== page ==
My Country ‘tis of Thee Introduction
Most people know “My Country ‘tis of Thee.” It’s one of the first songs children learn in American schools. Easy to sing and filled with liberty and pilgrims, the song provides a popular little exercise in patriotism.
But did you know that the song owes its melody to the British national anthem, “God Save the Queen”? The British anthem predates the American song by almost a century. What’s up with that? Was American lyricist Samuel Francis Smith some sort of English wannabe? In copying the British anthem, was he merely suggesting that the United States and Great Britain were related? Or was he up to something more mean spirited? Was he trying to rub a little salt in British wounds by claiming the anthem just as Americans had claimed their freedom?
Or is there some other explanation for the rather unpatriotic origins of one of America’s most popular patriotic songs? You better come up with some answers, Mr. Smith.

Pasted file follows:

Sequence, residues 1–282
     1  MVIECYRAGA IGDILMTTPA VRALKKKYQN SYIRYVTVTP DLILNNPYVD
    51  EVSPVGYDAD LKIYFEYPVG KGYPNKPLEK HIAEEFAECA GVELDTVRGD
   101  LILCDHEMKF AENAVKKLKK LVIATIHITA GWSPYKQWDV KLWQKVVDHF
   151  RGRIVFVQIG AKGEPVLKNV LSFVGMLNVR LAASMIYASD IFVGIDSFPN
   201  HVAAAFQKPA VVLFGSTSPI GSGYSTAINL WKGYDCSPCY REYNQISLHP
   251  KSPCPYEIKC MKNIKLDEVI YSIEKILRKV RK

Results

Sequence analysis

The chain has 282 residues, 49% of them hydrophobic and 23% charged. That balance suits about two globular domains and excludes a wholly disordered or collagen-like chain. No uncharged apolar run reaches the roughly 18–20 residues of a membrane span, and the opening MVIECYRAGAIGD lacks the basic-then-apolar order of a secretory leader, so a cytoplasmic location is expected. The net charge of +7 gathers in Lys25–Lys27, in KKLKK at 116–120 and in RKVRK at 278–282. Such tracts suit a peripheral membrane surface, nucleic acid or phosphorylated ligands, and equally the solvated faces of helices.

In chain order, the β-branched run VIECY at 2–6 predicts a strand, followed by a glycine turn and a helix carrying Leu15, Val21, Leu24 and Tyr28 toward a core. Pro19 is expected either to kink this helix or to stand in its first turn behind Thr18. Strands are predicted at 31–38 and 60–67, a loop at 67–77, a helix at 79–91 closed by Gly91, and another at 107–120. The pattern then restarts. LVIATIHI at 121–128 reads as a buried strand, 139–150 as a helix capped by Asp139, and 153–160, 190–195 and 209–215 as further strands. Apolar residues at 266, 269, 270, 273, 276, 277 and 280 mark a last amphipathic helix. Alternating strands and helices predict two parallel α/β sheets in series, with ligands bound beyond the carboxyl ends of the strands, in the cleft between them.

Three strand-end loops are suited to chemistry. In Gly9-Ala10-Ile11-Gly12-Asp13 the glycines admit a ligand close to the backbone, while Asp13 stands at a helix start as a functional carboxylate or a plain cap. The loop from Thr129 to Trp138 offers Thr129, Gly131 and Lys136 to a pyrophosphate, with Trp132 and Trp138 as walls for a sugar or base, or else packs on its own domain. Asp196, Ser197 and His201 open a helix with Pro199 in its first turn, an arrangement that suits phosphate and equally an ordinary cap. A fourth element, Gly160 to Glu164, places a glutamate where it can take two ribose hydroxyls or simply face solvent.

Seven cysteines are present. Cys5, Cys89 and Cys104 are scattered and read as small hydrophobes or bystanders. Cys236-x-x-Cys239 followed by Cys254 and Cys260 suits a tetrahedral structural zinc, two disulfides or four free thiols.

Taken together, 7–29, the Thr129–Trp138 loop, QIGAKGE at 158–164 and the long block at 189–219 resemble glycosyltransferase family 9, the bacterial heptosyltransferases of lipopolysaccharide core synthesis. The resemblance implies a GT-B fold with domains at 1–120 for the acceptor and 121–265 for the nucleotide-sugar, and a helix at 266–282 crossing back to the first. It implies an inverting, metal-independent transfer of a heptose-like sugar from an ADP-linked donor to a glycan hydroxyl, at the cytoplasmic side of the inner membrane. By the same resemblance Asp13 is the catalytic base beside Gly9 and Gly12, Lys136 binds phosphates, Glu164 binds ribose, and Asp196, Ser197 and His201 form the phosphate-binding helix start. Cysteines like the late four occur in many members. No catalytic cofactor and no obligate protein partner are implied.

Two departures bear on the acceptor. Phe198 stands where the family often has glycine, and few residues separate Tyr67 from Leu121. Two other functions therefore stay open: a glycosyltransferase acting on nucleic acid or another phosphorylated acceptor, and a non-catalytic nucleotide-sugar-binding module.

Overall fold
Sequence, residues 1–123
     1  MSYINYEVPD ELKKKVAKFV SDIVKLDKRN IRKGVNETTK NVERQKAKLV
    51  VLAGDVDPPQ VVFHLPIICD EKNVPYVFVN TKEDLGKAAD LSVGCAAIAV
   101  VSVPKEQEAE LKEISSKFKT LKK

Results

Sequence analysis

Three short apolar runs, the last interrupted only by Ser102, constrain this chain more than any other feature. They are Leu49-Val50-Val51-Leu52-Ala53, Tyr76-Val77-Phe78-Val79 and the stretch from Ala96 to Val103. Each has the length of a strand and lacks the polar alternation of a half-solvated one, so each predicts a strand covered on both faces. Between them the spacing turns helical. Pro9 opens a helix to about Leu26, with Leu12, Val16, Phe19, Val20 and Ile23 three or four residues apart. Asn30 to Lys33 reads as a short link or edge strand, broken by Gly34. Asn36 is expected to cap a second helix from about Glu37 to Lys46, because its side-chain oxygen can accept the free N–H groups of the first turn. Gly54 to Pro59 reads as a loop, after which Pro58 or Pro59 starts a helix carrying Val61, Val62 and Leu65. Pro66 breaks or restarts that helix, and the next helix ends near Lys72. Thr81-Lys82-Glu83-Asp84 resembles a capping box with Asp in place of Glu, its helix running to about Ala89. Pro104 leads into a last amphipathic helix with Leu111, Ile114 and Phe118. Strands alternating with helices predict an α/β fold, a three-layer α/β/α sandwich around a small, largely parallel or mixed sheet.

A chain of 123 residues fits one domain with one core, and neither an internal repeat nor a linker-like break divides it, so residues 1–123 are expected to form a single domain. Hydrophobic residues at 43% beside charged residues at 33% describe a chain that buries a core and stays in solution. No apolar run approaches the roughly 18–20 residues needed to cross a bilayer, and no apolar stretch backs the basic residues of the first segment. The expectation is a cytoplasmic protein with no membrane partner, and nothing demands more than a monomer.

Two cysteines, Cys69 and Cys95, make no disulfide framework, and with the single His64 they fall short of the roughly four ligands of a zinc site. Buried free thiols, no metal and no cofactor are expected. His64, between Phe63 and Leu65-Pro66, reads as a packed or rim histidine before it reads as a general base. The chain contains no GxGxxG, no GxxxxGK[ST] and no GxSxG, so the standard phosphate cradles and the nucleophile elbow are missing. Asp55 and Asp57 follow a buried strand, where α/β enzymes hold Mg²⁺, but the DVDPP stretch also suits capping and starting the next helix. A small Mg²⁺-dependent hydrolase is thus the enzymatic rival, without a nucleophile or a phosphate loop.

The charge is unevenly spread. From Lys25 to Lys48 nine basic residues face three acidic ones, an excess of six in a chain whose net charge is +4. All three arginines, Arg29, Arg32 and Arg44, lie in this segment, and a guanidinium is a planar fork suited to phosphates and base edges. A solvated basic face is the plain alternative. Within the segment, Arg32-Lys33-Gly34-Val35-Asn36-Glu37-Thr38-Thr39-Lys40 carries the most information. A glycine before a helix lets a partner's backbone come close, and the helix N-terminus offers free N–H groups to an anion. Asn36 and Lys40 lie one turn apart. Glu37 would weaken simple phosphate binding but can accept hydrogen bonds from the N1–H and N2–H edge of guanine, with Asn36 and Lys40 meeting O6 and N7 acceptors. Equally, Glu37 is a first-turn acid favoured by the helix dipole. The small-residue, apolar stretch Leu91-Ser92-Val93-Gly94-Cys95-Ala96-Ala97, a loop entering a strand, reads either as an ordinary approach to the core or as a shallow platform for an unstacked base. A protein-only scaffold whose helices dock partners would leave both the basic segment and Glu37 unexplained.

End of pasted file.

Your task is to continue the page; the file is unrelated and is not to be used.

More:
About the Song
|Writer(s)||Samuel Francis Smith (words), Music—Traditional (taken from Great Britain’s “God Save the Queen/King”)|
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Smith sided with those who thought that Americans should imitate British and European examples, but others would insist on defining truly American forms of art. James Fenimore Cooper, Nathaniel Hawthorne, Walt Whitman, Mark Twain, and Aaron Copland were among a large group of artists who argued that American writers should find their own voice and American musicians should draw exclusively from American genres, like the blues and country.